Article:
Why you should care

The Ottoman Empire ruled some of today’s most conflicted regions with a combination of military might and brilliant identity politics. Their longevity, and their PR strategies, might be a roadmap for the rocky rides ahead.

After 9/11 and wars in Iraq and Afghanistan, it seems hard to believe that the Middle East and the West could ever get along, even if recent Iran nuclear talks provide a glimmer of hope. Should we just resign ourselves to the vision Samuel Huntington described in 1996’s The Clash of Civilizations, in which religious and cultural differences are an endless source of conflict?

The Ottomans could command loyalty and unity across vast distances by allowing the conquered to practice their native religion.

But that world once existed. From 1453 to 1922, the Ottoman Empire sprawled from the Balkans to Libya to Iran. The Ottomans were international traders, highly efficient self-governors and a diverse bunch both religiously and racially. The legacy of their rule can still be seen in present-day European and Middle Eastern politics. So what’s to be learned from their success?

1. Politics and religious culture can work together.

The Ottomans weren’t exactly PC — they took much of Eastern Europe, the Middle East and parts of North Africa by force from the 15th century onwards.

However they did have a remarkable strategy for holding on to power once they’d got it. Taking a tip from the Roman Empire, the Ottomans were able to command loyalty and unity across vast distances by allowing conquered people to continue practicing their native religion (the catch was you had to accept governorship by Muslim caliphates). In fact, when Spain expelled 150,000 Jews in 1492, the Ottoman Empire invited the refugees in.

Recent attempts to legislate religious practices — like the ban on wearing headscarves in France — have only deepened religious and racial tensions in an increasingly multicultural Europe. As immigration changes population demographics, it’s important to continue treating other religions with respect — even if modern Europe is far more secular than it was when sultans and popes wielded power.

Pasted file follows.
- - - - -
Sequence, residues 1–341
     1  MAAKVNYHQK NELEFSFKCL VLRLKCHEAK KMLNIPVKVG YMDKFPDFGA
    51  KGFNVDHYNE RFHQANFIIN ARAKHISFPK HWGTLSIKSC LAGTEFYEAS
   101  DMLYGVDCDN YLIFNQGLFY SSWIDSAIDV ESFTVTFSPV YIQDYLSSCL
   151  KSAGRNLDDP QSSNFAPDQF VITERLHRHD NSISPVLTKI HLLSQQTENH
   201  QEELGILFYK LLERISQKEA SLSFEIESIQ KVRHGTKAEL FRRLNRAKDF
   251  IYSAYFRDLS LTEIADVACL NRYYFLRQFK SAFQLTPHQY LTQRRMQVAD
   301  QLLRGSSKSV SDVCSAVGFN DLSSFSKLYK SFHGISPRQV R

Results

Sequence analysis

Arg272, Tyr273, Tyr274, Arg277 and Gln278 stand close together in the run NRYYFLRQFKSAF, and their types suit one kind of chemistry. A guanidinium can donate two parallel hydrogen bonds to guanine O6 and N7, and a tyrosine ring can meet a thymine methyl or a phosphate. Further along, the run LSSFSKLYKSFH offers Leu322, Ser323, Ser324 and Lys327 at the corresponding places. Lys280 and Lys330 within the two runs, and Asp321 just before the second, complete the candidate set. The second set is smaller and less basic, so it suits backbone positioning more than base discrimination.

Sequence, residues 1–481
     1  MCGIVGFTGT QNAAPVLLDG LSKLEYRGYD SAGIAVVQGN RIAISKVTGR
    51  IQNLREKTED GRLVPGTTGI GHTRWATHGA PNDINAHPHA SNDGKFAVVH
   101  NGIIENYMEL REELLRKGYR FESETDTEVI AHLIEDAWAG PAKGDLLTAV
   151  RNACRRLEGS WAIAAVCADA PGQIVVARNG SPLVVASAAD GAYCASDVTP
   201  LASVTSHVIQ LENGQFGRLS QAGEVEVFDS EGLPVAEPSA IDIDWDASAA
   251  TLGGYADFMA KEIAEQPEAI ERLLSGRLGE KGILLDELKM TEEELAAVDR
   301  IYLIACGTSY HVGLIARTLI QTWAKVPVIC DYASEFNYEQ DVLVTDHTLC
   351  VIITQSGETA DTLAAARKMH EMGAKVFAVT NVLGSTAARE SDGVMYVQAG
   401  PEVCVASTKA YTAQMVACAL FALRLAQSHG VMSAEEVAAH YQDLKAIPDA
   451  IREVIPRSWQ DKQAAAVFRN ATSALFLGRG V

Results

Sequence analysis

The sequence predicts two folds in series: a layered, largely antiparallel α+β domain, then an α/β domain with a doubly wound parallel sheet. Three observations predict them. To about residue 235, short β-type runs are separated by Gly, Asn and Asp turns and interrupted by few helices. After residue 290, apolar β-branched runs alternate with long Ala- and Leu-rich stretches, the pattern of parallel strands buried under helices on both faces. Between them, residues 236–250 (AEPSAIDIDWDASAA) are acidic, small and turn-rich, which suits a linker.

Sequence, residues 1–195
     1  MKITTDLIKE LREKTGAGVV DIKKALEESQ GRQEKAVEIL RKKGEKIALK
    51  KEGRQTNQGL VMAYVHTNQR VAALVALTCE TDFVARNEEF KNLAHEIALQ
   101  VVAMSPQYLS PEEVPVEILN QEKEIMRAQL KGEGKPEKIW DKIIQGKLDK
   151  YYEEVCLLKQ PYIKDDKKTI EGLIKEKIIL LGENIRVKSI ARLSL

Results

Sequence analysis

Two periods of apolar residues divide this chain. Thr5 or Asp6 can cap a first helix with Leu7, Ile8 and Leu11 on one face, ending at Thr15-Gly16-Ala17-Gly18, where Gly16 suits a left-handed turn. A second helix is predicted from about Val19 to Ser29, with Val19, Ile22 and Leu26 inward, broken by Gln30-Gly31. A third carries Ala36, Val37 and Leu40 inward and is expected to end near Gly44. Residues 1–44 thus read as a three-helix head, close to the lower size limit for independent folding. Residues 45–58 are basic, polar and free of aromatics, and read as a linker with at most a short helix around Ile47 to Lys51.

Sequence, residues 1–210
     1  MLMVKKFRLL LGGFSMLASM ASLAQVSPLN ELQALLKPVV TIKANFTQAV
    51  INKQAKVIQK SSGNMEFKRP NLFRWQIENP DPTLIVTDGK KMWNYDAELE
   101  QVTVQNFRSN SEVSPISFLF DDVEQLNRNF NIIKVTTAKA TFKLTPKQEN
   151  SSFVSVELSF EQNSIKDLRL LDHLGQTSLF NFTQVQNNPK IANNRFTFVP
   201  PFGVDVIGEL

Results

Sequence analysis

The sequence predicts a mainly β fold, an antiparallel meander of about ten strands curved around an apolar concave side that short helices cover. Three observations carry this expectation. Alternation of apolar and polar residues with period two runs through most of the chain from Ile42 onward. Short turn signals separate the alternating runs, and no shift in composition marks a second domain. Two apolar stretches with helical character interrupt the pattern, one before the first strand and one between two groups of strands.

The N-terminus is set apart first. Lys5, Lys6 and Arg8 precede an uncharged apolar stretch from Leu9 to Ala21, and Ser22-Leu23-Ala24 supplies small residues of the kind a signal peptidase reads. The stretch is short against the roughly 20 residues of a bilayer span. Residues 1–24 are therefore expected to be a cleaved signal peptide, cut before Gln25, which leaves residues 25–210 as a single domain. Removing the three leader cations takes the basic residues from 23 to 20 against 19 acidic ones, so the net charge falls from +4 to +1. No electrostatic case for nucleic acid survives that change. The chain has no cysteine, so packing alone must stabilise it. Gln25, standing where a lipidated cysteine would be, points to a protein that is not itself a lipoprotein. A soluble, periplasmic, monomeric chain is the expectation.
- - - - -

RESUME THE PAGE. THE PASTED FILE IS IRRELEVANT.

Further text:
Woman with cream colored headwrap stands in front of protestors

A Muslim woman in France wears a headband with “don’t touch” in French.

2. Islam isn’t dead-end fundamentalism.

Despite being Muslim conquerors, the Ottomans did not practice sharia law across the board but had a variety of province-focused governments. As such, the apparently ruthless Ottoman Empire had some astounding moments of progressiveness that put Western Europe to shame.

The 18th- and 19th-century Ottoman sultans — nearly all of them devout Muslims — promoted education for women, constructed secular schools for Muslims and non-Muslims to share, celebrated modern art and fostered international trade links. The Ottoman Empire decriminalized homosexuality in 1853, more than a century before the American Psychiatric Association stopped referring to it as a mental illness.

Many Western politicians’ attitudes towards the Muslim world have grown one-sided. Treating fundamentalism as synonymous with Islam is both historically and culturally inaccurate and only hampers diplomacy.

Nostalgia for empire often goes hand in hand with nationalism, anti-secularism and conservative thinking.

3. History matters.

Modern Turkey, the heir to the former Ottoman Empire, is undergoing a period of economic prosperity marred by growing resistance to nearly a century of secularism. Recently, Ottoman-style geometric Islamic art and architecture have come back in vogue in Turkish homes and workplaces. There’s also been a rash of entertainment glorifying the past, including the hit film Conquest 1453 about Sultan Mehmed II’s takeover of Constantinople, and the risqué TV drama Magnificent Century, set during the reign of Sultan Suleiman the Magnificent, when the Ottoman Empire was at its peak. Plans are even in the works to build a theme park in Istanbul where people can dress up in 15th-century Ottoman clothing and watch swordfights.

The Republic of Turkey was intended as a post-World War I break from an imperial past. But its leaders should pay attention to this rising interest in the Ottomans. Nostalgia for empire, historian Richard Evans suggests, often goes hand in hand with nationalism, anti-secularism and conservative thinking.

Their empire may not longer exist, but the Ottomans are a modern-day barometer for political feeling in modern Turkey — and the East-West divide it so precariously straddles.

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